The following post is from staff writer Melissa Batai

Debbie and John have one child, Jessica, who is 28. Jessica has a degree in art, and she’s working as a secretary. She makes a relatively small salary and has trouble making ends meet. Debbie happily gives Jessica $75 every week for groceries as well as another $100 a month for utilities. All told, Debbie and John give Jessica $350 a month.

John doesn’t feel quite as generous as Debbie. He thinks if they stopped giving Jessica money, she would be more motivated. He would like to see Jessica go back to college for a trade that will earn her more money or take on a second job. He also would like to see Jessica try to sell some of her artwork, but Jessica refuses. While she’s a very talented artist, she worried others won’t like her artwork.

In today’s economy, more and more parents are shelling out money to their grown children. If both parents are fine doing so, that’s their choice. But what if one parent wants to give money and the other doesn’t?

Wean slowly. Debbie has been funding Jessica for several years now. Abruptly cutting off the cash flow wouldn’t be fair. Instead, if John and Debbie agree, they should sit down with Jessica and let her know when they will be cutting her off. For instance, in three months they will stop giving her $100 a month for utilities. In six months, they’ll reduce her grocery allowance in half. In twelve months, they’ll quit funding her entirely.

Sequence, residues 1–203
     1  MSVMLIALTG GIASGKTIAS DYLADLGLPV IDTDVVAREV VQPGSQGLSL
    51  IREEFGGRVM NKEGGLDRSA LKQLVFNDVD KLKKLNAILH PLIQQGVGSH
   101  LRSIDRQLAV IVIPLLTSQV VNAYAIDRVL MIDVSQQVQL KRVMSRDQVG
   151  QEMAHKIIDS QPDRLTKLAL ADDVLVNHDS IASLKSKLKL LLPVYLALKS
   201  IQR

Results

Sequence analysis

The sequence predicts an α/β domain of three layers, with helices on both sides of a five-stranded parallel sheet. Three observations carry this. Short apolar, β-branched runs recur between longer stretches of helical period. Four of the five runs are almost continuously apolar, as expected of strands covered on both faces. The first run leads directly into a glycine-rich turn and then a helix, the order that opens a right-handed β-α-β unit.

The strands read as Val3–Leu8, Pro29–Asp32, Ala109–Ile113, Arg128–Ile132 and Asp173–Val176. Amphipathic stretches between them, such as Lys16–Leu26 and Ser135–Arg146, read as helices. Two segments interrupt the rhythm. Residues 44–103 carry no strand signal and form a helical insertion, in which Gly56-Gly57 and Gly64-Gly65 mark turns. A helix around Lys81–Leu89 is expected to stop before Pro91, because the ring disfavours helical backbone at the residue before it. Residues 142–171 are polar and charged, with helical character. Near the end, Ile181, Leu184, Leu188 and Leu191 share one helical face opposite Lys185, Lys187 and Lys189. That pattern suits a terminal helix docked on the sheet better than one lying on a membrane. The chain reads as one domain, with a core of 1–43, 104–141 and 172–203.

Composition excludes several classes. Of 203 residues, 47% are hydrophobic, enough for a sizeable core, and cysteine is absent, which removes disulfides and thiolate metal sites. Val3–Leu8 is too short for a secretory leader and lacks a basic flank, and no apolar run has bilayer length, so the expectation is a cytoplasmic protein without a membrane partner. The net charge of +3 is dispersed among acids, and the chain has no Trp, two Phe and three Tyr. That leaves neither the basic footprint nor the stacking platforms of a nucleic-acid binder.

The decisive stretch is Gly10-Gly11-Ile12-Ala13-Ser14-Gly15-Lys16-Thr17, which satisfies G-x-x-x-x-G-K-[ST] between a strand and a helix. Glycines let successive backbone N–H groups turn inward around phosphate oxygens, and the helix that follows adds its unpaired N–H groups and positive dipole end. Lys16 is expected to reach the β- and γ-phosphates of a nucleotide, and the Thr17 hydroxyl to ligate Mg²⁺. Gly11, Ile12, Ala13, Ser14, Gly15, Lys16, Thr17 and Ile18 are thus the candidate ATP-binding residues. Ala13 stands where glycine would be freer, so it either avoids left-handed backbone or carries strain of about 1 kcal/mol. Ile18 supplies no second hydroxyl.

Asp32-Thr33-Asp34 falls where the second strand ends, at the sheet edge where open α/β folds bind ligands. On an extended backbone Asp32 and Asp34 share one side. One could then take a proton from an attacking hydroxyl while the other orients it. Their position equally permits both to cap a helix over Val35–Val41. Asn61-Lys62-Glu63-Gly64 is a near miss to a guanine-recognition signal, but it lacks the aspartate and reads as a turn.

Find a way to compromise. John wants to see Jessica become self-sufficient. Perhaps he would agree to continue the funding IF Jessica enrolls part-time in a trade program. Then in a few years, after she’s completed her degree, she’ll have the ability to support herself entirely, which is what John would like. Meanwhile, Debbie can continue to assist Jessica as she gets her degree.

Offer the grown child incentive. Another idea is to offer to match your grown child as she learns to make better financial choices. For instance, if Jessica learns to budget her money better and doesn’t need $40 of the usual grocery money that she gets, her parents will match her savings, temporarily. They’ll give her the $40 she would have used but also an additional $40 for being conservative with the money.

While you are temporarily paying her more than you did before, you are encouraging her to learn to budget and save. Give her a timeline for the match, say six to twelve month. At the end of that time, you’ll no longer be paying her, and she should have new habits that will help her to be self-sufficient. She’ll also have a nice savings account.

My Question for You

If you have grown children, did you support them? If so, how did you cut them off? If you’re in your twenties, did or do your parents support you? If so, when do you plan to become financially independent?

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